I can relate to your anxiety and emotional connect with the patient in the incident and can understand his history of being subjected to child abuse made you feel for him. We have to deal with patients who have suffered much in their lives. This incident was complicated and I think taking advice from a psychologist was appropriate. The incident made us think that while evaluating on clinical terms, we should offer emotional support to the patient.

Could this situation be managed better?

I could understand from Mr. Borgart’s aggressive behaviour that he was facing difficulty in trusting the nurses and their forceful administration of injections and ill treatment worsened his condition. We could have avoided patronizing or forcing him until the psychologist had given us instructions (Rugkåsa et al. 2014, p.889). Engaging him in conversations would help him realize that the hallucinations are false and eliminate his suicidal tendency (Campbell, Yonge & Austin 2016, p.35). We should have prevented access to all windows and the terrace which can make it easier for him to end his life.

What are the outcomes of this incident?

This was your first experience in the mental ward and helped you deal with stress and transition shock. Transition shock has been debated and discussed for many years and create a confronting and stressful situation for a graduate nurse. However, you can utilize this incident as an advantage. It will help you learn aspects of nursing which are beyond clinical knowledge. It will also give you a clear insight into caring for mentally ill patients and the different complications they face. You will be able to refer to this situation in coming years while treating other people in distress.

Does the action of a person in such incident reflect personal values?

Yes it does! Personal beliefs create negative influence between peers in a workplace. People have differing stigmas, morals and values, which are constantly challenged by such incidents in nursing care. Discussing the scenario with the manager, keeping in mind workplace policies will help you in providing holistic care to the patient (Reavley et al. 2014, p.437). You should raise concerns in regards to response which harm the patient. However, I was happy to see that you felt empathic towards the patient and discussed the negative attitude of the staff. I am quite confident that this incident will help you in your future practice.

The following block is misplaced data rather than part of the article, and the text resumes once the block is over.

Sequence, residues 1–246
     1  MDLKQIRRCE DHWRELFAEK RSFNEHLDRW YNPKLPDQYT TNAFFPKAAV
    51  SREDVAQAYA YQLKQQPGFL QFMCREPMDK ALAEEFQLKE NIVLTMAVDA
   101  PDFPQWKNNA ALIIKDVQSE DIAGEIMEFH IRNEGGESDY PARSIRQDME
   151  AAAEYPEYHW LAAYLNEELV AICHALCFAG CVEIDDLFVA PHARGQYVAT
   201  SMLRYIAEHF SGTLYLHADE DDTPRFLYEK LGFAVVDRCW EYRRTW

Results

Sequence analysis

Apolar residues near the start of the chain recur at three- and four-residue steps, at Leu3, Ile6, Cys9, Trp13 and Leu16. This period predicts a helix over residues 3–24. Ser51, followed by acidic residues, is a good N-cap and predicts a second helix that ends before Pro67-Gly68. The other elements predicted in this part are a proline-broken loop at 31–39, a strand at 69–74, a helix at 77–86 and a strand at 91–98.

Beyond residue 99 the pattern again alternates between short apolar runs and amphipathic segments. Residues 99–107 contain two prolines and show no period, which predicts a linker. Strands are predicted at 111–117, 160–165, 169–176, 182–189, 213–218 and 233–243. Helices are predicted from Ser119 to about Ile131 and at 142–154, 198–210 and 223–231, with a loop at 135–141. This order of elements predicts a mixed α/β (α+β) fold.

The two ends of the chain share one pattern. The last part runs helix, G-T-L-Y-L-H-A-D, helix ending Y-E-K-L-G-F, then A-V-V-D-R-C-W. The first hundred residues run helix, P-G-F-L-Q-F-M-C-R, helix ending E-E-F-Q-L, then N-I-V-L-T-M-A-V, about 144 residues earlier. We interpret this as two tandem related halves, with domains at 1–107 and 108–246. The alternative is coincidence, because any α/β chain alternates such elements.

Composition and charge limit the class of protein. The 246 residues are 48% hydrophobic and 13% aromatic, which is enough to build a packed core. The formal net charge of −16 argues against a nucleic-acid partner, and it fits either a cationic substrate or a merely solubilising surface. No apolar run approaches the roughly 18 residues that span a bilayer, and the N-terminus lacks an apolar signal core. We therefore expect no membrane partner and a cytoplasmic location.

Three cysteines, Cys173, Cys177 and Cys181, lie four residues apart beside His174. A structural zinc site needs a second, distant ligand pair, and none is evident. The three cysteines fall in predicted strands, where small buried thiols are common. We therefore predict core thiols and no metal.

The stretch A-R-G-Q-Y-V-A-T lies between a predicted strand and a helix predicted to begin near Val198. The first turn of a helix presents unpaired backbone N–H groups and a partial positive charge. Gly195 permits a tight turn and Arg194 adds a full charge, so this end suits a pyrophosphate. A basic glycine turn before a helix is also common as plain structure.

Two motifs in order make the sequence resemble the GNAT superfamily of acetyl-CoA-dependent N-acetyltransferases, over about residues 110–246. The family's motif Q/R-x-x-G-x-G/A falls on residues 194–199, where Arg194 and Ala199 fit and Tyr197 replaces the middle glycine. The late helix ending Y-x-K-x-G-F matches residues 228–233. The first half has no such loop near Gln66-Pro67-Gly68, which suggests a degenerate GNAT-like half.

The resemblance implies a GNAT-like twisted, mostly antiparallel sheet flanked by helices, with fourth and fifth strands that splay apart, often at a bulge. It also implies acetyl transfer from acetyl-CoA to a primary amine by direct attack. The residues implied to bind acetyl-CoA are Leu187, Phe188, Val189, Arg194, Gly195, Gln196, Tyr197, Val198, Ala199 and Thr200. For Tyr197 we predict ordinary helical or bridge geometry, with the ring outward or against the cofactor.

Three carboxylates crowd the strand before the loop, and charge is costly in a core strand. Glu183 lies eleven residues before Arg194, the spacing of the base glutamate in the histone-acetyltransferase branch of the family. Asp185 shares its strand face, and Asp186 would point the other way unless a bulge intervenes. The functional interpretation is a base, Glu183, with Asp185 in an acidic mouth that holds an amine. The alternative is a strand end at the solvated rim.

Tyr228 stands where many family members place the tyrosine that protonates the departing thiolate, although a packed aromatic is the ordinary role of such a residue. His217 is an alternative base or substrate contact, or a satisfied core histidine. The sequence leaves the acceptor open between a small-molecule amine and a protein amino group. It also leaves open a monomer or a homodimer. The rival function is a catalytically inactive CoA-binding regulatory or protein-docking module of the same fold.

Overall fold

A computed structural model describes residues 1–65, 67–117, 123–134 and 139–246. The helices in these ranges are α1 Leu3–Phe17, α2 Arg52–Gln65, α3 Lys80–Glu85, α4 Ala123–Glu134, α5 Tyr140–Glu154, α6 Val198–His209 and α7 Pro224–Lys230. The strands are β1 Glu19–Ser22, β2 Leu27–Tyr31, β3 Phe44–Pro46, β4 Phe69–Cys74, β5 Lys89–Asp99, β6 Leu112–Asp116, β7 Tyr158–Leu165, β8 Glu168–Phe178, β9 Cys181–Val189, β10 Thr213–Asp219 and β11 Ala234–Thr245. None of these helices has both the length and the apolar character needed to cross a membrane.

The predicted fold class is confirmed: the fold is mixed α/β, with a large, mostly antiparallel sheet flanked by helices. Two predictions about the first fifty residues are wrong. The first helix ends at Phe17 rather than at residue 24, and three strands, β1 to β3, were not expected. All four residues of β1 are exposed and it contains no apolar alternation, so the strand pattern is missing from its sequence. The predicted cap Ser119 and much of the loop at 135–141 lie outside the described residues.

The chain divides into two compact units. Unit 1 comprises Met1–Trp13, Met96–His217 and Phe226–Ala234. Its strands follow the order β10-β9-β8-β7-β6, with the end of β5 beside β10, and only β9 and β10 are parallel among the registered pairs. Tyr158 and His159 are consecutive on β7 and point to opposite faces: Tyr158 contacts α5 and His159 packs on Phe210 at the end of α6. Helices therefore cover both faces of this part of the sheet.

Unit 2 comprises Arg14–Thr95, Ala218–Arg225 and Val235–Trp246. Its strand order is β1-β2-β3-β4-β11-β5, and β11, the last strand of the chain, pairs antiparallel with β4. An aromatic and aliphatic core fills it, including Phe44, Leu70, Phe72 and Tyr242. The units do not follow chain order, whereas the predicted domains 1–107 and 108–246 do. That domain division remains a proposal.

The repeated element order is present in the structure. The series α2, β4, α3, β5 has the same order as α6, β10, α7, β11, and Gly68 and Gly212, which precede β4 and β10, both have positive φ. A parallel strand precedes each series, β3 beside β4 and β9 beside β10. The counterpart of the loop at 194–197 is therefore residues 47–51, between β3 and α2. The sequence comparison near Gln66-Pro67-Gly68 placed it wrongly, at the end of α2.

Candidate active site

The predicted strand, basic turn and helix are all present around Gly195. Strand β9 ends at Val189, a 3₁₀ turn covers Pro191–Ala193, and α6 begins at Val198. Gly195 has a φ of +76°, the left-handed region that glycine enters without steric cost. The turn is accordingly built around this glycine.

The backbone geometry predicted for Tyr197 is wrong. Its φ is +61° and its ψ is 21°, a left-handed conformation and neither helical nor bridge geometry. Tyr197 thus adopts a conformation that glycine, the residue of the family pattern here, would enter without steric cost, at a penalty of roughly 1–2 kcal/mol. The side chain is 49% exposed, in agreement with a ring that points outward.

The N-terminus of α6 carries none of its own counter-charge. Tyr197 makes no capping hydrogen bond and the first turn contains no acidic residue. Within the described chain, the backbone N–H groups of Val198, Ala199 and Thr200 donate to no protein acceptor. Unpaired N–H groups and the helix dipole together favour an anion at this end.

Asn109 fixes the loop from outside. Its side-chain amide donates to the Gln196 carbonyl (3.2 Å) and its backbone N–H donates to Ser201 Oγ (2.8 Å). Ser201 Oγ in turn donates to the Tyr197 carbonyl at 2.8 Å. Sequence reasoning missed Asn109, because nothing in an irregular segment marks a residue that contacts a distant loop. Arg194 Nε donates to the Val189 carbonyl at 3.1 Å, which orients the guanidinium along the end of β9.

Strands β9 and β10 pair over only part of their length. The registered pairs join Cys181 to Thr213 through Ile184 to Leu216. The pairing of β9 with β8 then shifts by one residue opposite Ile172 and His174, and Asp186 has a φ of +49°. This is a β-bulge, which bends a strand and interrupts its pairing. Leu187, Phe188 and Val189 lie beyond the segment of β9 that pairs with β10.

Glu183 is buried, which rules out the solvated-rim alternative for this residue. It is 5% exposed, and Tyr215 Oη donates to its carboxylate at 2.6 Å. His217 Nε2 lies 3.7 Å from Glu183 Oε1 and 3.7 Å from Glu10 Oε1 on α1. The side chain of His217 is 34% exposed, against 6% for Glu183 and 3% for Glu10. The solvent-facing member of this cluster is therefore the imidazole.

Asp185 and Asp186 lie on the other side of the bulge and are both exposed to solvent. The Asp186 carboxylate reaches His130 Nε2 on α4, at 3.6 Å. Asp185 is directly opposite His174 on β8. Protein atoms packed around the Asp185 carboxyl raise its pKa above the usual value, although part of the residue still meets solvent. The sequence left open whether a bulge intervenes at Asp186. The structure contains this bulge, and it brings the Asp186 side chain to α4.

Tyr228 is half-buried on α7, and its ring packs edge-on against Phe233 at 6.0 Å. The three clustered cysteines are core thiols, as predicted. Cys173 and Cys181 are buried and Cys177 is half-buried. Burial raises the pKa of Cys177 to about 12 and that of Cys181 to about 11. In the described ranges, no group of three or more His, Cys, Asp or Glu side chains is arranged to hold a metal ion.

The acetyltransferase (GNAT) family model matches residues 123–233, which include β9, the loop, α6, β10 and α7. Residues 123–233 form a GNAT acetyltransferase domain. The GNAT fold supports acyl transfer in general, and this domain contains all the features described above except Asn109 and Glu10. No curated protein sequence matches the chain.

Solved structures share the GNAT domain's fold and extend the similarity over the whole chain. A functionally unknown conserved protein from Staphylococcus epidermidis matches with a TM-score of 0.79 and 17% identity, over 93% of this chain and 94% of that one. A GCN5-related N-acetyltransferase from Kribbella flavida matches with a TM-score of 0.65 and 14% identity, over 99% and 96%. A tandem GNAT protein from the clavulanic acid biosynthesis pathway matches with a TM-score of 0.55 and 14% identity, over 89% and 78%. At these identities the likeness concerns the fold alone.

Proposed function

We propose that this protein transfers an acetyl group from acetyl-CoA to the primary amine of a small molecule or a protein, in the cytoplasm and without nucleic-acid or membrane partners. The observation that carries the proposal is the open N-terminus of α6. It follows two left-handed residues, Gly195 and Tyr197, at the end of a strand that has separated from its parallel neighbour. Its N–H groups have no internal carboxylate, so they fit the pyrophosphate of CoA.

Conclusion

This report illustrates the mixed feelings of anxiety, excitement and uncertainty. It elaborates on the different stigmas associated with mental health and how I was apprehensive of the patient initially. It provides a detailed account of the ill behaviour and mismanagement practices shown towards the patient and how I raised a concern. The interview with a senior nurse also helped me gain an insight into the practice of mental health nursing.

References

Campbell, R.J., Yonge, O. & Austin, W 2016, ‘Intimacy boundaries: Between mental health nurses & psychiatric patients’, Journal of psychosocial nursing and mental health services, vol. 43, no. 5, pp.32-39.

Corrigan, P.W., Mittal, D., Reaves, C.M., Haynes, T.F., Han, X., Morris, S. & Sullivan, G 2014, ‘Mental health stigma and primary health care decisions’, Psychiatry research, vol. 218, no. 1, pp.35-38.

Duchscher, J.E.B 2009, ‘Transition shock: the initial stage of role adaptation for newly graduated registered nurses’, Journal of advanced nursing, vol. 65, no. 5, pp.1103-1113.

Harwood, M 2011, ‘Transition Shock-Hitting the Ground Running’, Nuritinga, vol.10, pp.8-18.

Hesse, K., Kriston, L., Mehl, S., Wittorf, A., Wiedemann, W., Wölwer, W. & Klingberg, S 2015, ‘The vicious cycle of family atmosphere, interpersonal self-concepts, and paranoia in schizophrenia—a longitudinal study’, Schizophrenia bulletin, vol. 41, no. 6, pp.1403-1412.

Kemp, D.J 2014, ‘A forgotten equality: a personal reflection on trans awareness training’, Mental Health Nursing, vol. 34, no. 1, pp.19-19. 

Mellor, P. & Greenhill, J 2014, ‘A patient safety focused registered nurse transition to practice program’, Contemporary nurse, vol. 47, no. 1-2, pp.51-60.

Muenzenmaier, K.H., Seixas, A.A., Schneeberger, A.R., Castille, D.M., Battaglia, J. & Link, B.G 2015, ‘Cumulative effects of stressful childhood experiences on delusions and hallucinations’, Journal of Trauma & Dissociation, vol. 16, no. 4, pp.442-462.

Nursing and Midwifery Board of Australia (NMBA) 2016, Enrolled nurse standards for practice, NMBA, Melbourne, 2 January 2017, viewed 29 August 2017. https://www.nursingmidwiferyboard.gov.au/Codes-Guidelines-Statements/Professional-standards/enrolled-nurse-standards-for-practice.aspx

Reavley, N.J., Mackinnon, A.J., Morgan, A.J. & Jorm, A.F 2014, ‘Stigmatising attitudes towards people with mental disorders: A comparison of Australian health professionals with the general community’, Australian & New Zealand Journal of Psychiatry, vol. 48, no. 5, pp.433-441.

Rugkåsa, J., Canvin, K., Sinclair, J., Sulman, A. & Burns, T 2014, ‘Trust, deals and authority: community mental health professionals’ experiences of influencing reluctant patients’, Community mental health journal, vol. 50, no. 8, pp.886-895.

Spector, N., Blegen, M.A., Silvestre, J., Barnsteiner, J., Lynn, M.R., Ulrich, B., Fogg, L. & Alexander, M 2015, ‘Transition to practice study in hospital settings’, Journal of Nursing Regulation, vol. 5, no. 4, pp.24-38.

Townsend, M.C 2014, Psychiatric mental health nursing: Concepts of care in evidence-based practice, 8th edn, FA Davis, Philadelphia, pp.703-867.

Zerwekh, J. & Garneau, A.Z 2017, ‘Challenges of Nursing Management and Leadership’, in Nursing Today-E-Book: Transition and Trends, 9th edn, Elsevier Health Sciences, pp.204-301.